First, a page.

ANTON RIPPON reviews the sports reporter adventures of former Telegraph football man Christopher Davies, and discovers an interesting way of getting a taxi on a rainy night in Glasgow
Among those who have never been fortunate enough to do the job there is a common â€“ and understandable â€“ misconception that sports journalists enjoy the life of Riley. Five-star dinners in swank hotels, first-class travel, bags of time to loaf around and see the sights; and, best of all, being paid to watch top-class sport: these are surely the perks of a cushy position that most sports fans would sell their granny to obtain.
Well the last bit is true, obviously. Those whose by-lines appear on the sports pages of our national and regional newspapers are indeed lucky that, not only do they get to see the action, someone is also giving them money for the privilege.
As for the rest? Well, reading Behind The Back Page: The Adventures Of A Sports Writer by Christopher Davies will quickly disabuse the average fan of the notion that sports journalism must be the easiest job on earth (providing you can write and like sport, of course).
SJA member Davies, well known to many in the Association and on the football circuit after he spent 20 years on the Daily Telegraph, including covering the Ireland football team when it was enjoying its most successful period, has produced a rip-roaring, rib-tickling account of the travails of the globe-trotting sports journo.
In doing so, he uncovers a world of long days, late nights, bloody-minded travel schedules, ever-shifting stories that demand urgent rewrites, and irregular bowel movements caused by a diet of Mars Bars, Milky Ways, Marmite sandwiches (donâ€™t forget to bring your own Marmite) and Coca-Cola. It is a world of laptops that never work, business centres that never open and where a banquet would be an airport pizza.
Given the obstacles placed before a sports writer in a foreign country, a well-honed sixth sense and a great degree of initiative are essential, although Davies didnâ€™t always have to be in an entirely foreign land to find himself relying on his native southern wit.
At Parkhead, just before midnight one rainy Halloween, when every taxi in Glasgow is booked, he decides to walk back to the city centre. One rain-sodden hour later, he finds that the taxi queue at the Central Station is twice around the block. A call to his hotel in Govan fails to bring out a cab for him, but then an angel appears in the form of a lady of the night. Davies asks her how much she charges, then offers her Â£5 more to drive him back to his hotel. Everyone is happy, although Davies is later miffed to see that she has signed the blank taxi receipt he produced: â€œCeltic 1, Blackburn 0.â€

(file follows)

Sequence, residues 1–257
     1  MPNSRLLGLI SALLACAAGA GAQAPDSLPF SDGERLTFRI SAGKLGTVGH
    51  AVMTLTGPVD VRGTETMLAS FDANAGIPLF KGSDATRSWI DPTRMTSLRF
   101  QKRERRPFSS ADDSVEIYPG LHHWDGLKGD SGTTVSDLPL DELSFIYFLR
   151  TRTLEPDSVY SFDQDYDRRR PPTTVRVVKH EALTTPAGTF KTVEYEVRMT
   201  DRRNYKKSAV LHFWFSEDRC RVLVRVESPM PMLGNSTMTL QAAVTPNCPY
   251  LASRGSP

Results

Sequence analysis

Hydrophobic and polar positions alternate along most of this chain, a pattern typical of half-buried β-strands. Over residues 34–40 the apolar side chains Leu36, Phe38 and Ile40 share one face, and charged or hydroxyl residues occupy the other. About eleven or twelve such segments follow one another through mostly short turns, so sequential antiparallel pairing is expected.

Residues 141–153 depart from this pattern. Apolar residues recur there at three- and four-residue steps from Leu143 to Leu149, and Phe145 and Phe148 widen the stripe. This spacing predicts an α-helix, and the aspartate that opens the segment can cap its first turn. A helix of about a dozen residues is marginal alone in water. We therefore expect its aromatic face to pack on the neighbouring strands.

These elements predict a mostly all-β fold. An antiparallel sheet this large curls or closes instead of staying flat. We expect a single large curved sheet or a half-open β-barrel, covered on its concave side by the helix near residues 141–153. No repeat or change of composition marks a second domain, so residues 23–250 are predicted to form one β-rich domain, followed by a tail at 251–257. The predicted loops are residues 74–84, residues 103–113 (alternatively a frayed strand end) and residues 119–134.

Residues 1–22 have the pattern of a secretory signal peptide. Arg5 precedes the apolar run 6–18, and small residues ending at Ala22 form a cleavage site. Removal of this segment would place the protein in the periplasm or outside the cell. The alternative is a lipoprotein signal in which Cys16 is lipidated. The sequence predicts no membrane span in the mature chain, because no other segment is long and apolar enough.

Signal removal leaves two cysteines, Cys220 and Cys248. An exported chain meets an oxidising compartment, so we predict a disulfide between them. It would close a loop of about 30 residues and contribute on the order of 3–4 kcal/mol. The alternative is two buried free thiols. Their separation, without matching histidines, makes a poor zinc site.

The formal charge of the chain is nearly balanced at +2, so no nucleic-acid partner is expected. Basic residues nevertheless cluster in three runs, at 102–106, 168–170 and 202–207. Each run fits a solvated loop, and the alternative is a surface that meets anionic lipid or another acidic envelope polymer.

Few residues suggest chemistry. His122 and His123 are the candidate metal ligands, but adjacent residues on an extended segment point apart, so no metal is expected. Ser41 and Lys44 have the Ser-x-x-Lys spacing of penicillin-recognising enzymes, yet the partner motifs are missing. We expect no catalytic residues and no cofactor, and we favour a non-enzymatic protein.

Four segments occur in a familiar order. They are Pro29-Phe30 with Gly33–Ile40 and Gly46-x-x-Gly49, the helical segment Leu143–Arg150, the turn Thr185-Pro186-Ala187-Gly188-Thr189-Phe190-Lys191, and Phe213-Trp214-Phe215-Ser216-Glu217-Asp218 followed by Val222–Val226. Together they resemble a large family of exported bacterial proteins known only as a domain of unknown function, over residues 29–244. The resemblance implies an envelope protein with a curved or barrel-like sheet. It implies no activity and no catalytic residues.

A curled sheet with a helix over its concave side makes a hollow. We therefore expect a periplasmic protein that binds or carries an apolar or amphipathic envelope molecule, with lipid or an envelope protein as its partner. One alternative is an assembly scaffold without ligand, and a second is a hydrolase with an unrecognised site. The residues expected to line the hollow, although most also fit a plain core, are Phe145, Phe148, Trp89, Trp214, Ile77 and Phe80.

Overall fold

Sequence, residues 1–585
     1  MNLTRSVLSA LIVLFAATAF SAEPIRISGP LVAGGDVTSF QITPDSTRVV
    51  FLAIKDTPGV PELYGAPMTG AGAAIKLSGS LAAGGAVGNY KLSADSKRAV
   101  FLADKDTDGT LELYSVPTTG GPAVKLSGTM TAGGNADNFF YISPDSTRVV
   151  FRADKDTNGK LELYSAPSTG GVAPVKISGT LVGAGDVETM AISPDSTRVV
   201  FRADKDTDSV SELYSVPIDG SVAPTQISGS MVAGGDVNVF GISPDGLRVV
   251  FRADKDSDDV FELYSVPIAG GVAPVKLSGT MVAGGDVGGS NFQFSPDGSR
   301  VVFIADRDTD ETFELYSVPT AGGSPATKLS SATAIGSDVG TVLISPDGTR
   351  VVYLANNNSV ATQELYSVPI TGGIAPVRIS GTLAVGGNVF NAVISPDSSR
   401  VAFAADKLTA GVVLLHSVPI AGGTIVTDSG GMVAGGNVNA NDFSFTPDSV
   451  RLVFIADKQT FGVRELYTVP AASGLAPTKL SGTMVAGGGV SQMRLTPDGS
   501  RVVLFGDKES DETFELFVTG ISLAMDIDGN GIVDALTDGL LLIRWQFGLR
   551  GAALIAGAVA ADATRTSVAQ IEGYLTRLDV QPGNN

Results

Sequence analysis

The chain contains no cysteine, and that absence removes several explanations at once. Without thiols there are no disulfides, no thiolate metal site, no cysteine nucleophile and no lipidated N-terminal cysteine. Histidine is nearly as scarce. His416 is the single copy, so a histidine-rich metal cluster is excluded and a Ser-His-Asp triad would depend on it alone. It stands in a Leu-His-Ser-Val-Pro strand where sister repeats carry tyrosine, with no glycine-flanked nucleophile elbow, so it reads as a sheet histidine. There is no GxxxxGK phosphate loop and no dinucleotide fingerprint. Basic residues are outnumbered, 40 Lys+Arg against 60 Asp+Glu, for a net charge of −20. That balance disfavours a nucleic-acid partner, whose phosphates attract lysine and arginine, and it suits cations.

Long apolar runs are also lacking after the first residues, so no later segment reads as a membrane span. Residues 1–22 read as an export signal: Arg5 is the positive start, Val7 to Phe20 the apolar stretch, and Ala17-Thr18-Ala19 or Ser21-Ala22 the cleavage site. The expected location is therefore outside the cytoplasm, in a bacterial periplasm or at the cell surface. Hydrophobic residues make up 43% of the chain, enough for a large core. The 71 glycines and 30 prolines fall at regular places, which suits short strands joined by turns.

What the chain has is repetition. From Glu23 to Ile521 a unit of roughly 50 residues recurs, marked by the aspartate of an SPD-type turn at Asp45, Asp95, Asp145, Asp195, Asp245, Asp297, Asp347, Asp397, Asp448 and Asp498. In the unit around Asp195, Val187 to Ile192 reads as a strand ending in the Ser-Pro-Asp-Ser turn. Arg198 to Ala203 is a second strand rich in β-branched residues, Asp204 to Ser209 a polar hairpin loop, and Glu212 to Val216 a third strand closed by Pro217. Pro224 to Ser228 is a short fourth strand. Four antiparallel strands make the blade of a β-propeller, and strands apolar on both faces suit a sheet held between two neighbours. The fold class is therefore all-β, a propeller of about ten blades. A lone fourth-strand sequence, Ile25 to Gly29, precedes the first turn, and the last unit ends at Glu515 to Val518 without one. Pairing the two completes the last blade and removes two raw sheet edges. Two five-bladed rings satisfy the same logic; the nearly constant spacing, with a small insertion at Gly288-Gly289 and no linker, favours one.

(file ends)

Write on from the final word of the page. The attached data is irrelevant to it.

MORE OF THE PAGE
Behind The Back Page is crammed with stories like that: learning to Shag in Florida (â€œpartner not necessaryâ€); being offered a fellow journalistâ€™s wife in Nigeria (possibly because he believed that Davies was close to the Queen); bugged by the KGB in the old Soviet Union; having his pocket picked in Colombia; blagging his way into an audience with the Pope; and trying to work out what Jack Charlton is on about. The narrative rattles along.
Davies, though, still has time to reflect on his surroundings, taking a tour guide bus around a strange city when he has time, and noting what an awful mess Luton airport is after he arrives from a spotlessly clean Barcelona. Welcome home to Blighty.
Davies began his career 40 years ago, in the days of manual typewriters, begging for a telephone and dictating reports to deaf copytakers (something he had to get used to again when his laptop refused to work in Japan, a land which, until then, heâ€™d always assumed was full of technological geniuses).
They were also the days when top international players were approachable (and, indeed, could be approached because everyone travelled together). By the time his long stint at the Daily Telegraph was over, players were closeted behind closed curtains on aircraft and appointments had to be made.
Behind The Back Page is a lovely book. Funny and poignant, if not in equal measure, the camaraderie between fellow hacks, thrown together in strange lands, is a constant theme.
Not least, Christopher Davies has to be applauded for probably being the only journalist ever to write about the time he paid a prostitute. Even if it was only for a lift home.
Behind The Back Page: The Adventures Of A Sports Writer by Christopher Davies (Know The Score Books, Â£9.99). Order the book from Amazon by clicking here